Russia has allowed cargo planes from German airline Lufthansa to resume using its airspace after a short ban.
The ban impacted on Lufthansa Cargo's flights to Asia
The carrier had been in a row with the Kremlin after it was forced to re-route flights - costing it hundreds of thousands of euros in extra fuel.
Russia wants the airline to relocate its Asia hub - currently in Astana, Kazakhstan - to Krasnoyarsk in Siberia.
However, Lufthansa says that this is not an option as the airport is not suitable - especially in fog.
Russia said that it had now extended permission for the carrier to use its airspace until 15 November.
It added that German aviation authorities "agreed to consider a proposal" that Lufthansa's cargo planes would make transit stops in Siberia en route to Asia.
But Lufthansa spokesman Peter Schneckenleitner said that this was out of the question.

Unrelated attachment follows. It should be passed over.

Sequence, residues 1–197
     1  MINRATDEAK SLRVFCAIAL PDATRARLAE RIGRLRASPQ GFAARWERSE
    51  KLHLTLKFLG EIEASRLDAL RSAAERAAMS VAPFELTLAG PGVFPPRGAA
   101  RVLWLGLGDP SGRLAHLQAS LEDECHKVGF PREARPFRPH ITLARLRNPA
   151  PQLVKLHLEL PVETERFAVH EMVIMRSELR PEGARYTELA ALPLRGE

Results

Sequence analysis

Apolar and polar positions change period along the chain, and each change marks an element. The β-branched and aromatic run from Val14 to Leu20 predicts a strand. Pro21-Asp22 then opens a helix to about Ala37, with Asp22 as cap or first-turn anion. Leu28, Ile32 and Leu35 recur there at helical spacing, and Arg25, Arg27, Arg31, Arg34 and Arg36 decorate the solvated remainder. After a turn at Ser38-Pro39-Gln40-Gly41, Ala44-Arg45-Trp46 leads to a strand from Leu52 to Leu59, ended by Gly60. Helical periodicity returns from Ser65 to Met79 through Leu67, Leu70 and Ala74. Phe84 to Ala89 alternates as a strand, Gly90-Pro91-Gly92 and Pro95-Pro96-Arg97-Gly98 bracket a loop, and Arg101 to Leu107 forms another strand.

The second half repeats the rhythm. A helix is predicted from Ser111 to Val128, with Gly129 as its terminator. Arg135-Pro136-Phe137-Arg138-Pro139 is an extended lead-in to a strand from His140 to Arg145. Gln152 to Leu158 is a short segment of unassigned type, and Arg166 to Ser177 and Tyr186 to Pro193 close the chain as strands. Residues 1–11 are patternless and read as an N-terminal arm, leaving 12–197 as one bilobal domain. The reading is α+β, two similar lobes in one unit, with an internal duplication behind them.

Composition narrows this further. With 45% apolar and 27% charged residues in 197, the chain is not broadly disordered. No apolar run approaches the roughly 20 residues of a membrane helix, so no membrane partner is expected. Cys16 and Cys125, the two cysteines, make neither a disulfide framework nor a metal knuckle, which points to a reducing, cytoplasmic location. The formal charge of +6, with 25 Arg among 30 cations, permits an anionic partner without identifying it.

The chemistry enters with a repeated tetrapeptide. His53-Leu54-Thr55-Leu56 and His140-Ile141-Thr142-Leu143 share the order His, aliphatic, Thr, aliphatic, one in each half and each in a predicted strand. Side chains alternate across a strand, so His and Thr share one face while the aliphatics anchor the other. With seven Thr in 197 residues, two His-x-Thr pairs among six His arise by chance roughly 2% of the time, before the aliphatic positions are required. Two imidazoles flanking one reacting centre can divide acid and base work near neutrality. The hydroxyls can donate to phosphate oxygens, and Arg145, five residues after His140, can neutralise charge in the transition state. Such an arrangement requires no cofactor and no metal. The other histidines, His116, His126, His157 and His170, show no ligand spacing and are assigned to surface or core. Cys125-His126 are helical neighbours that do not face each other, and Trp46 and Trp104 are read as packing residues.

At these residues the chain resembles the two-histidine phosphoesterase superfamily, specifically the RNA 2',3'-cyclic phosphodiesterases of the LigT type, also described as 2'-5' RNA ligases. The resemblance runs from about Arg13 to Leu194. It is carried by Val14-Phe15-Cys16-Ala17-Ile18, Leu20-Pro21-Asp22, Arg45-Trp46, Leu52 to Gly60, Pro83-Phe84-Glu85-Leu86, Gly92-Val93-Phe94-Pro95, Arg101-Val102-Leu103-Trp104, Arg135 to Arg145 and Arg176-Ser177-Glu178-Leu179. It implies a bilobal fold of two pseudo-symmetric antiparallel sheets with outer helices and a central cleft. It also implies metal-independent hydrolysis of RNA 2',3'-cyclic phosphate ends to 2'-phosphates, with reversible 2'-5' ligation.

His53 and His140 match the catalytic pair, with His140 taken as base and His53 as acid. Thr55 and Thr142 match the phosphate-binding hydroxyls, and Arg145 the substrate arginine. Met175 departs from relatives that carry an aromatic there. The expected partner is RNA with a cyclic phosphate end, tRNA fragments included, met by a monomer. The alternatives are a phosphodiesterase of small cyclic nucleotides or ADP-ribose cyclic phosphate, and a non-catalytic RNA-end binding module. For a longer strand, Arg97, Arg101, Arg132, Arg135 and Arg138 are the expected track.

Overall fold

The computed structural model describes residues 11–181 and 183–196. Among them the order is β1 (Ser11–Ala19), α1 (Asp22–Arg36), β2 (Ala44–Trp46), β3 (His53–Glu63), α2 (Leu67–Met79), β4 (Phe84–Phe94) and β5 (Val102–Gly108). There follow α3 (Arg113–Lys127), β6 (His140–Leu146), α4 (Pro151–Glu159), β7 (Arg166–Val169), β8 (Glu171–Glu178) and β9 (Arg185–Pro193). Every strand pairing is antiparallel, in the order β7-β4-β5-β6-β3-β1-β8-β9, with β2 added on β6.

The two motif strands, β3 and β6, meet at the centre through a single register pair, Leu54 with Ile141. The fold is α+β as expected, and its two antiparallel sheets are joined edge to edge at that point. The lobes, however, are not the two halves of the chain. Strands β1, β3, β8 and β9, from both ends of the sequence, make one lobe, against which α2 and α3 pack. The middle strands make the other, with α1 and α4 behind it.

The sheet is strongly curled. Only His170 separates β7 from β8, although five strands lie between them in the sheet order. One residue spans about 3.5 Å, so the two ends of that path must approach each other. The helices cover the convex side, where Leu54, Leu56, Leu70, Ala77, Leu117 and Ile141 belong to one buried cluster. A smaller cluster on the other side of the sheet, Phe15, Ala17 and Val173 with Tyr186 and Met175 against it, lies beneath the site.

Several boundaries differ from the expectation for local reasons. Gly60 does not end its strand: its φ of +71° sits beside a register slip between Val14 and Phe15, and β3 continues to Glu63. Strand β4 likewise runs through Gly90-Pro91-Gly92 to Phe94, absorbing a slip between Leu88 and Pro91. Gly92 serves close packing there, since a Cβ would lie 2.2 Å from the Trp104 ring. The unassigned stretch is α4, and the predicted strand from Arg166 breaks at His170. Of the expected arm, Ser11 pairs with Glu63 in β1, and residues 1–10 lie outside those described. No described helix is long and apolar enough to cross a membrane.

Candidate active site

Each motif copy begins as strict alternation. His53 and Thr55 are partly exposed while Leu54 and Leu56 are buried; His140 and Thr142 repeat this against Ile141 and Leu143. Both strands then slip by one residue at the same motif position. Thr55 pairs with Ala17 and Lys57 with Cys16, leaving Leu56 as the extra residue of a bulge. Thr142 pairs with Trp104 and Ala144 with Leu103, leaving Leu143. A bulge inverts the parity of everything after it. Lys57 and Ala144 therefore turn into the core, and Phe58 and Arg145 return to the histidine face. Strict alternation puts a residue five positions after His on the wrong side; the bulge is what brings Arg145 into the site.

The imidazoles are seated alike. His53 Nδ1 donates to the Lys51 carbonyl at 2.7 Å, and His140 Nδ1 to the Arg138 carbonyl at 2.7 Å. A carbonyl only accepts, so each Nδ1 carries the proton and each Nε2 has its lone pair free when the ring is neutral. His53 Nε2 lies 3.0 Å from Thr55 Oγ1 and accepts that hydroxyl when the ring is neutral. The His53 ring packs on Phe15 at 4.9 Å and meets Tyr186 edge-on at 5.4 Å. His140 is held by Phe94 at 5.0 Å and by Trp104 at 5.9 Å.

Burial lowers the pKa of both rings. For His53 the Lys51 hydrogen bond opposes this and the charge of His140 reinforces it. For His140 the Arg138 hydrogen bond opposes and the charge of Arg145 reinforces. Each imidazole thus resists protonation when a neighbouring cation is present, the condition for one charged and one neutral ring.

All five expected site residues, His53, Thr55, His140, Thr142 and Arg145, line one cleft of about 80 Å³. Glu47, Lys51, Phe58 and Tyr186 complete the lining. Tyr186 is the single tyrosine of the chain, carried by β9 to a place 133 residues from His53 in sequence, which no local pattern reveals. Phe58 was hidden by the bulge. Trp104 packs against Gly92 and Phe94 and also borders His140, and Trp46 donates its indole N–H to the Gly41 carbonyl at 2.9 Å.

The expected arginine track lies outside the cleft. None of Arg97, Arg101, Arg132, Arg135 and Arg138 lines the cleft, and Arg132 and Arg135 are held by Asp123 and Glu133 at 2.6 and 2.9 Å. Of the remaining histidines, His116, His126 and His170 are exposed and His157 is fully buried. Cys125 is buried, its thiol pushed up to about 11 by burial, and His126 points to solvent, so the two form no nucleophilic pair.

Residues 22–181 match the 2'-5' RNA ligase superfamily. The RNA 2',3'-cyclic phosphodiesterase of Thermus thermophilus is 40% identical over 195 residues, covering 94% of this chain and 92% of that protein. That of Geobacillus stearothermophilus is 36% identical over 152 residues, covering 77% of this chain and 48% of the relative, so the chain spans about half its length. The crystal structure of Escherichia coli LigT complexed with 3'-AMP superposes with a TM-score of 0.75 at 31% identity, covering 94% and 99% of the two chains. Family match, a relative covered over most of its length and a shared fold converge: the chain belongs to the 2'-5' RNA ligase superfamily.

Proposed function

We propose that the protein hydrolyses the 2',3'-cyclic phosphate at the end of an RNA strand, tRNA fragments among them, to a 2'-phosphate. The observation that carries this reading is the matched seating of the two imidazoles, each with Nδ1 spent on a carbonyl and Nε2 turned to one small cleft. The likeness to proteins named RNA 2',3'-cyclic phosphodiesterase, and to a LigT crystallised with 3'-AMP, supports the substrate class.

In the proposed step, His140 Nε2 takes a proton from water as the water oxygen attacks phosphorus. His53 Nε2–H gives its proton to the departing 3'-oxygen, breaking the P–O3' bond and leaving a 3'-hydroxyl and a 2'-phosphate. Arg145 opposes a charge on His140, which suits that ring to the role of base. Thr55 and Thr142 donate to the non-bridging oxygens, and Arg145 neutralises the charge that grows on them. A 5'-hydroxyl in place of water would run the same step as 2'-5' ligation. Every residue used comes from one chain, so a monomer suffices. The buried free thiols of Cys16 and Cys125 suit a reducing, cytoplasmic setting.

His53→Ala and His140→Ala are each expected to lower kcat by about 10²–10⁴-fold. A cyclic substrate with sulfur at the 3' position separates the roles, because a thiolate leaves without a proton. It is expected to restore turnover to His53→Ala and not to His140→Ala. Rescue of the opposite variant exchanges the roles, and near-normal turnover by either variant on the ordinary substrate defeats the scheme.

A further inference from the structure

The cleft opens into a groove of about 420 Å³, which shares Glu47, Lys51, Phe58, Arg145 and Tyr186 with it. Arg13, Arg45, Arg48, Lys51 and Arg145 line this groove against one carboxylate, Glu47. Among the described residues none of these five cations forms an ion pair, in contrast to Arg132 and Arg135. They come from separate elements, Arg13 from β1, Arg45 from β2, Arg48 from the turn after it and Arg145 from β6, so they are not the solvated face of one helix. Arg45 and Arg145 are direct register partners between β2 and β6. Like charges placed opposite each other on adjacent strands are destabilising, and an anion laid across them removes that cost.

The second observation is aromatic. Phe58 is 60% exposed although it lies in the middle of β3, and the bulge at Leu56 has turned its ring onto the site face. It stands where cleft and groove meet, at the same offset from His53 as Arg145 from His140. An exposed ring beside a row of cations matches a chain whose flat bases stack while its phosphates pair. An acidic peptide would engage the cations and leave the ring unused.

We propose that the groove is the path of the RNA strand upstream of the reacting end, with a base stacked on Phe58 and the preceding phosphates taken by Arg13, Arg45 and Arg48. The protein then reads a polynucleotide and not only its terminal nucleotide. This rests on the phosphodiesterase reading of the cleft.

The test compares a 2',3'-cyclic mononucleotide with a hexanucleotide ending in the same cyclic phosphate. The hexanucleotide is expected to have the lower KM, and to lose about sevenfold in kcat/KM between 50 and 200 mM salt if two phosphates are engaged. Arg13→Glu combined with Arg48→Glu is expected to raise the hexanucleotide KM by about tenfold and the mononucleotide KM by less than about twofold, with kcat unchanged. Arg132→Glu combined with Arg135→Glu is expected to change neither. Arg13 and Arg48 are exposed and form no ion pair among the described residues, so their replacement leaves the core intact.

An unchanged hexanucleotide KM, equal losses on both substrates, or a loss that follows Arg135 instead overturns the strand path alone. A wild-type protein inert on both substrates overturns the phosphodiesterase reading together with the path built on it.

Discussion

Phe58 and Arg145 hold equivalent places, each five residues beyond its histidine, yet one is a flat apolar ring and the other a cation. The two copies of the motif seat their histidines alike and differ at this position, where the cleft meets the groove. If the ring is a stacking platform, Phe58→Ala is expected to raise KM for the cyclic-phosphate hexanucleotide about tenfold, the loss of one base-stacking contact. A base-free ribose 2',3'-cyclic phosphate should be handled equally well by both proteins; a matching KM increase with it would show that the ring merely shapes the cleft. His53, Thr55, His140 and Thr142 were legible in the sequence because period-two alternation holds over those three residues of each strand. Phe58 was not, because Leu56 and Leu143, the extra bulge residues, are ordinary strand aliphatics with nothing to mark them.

"We received a letter that the Russian government is expecting Lufthansa to move hubs," he said.
"That's no alternative for us."
Astana lies about 1,500 kilometres (940 miles) to the west of Krasnoyarsk.
The airline runs 49 cargo flights a week to Asia which have had to be diverted to avoid Russian skies.
"It means that we have to re-route flights to Japan, China, North Korea and Singapore," a spokesman told Der Spiegel magazine.
"It takes a lot longer and costs a lot of money."
Detours to avoid Russian airspace had increased Lufthansa's fuel bill by about 280,000 euros a week (£194,400; $405,400), it said.
No passenger flights have been affected.
Germany's transport ministry had been holding talks with Russian counterparts and had threatened to complain to the European Union over the action.
Analysts have said that Russia's tactics are similar to those it has used in gas price disputes with Ukraine - which resulted in supply disruptions.